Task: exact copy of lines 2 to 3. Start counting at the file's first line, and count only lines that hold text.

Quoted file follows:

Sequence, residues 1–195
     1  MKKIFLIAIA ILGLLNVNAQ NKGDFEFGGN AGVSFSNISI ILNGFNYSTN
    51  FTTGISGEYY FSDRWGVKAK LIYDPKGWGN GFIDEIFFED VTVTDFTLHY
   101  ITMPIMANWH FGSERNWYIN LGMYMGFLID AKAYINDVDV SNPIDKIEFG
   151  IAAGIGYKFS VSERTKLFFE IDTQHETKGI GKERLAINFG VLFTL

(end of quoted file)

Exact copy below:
     1  MKKIFLIAIA ILGLLNVNAQ NKGDFEFGGN AGVSFSNISI ILNGFNYSTN
    51  FTTGISGEYY FSDRWGVKAK LIYDPKGWGN GFIDEIFFED VTVTDFTLHY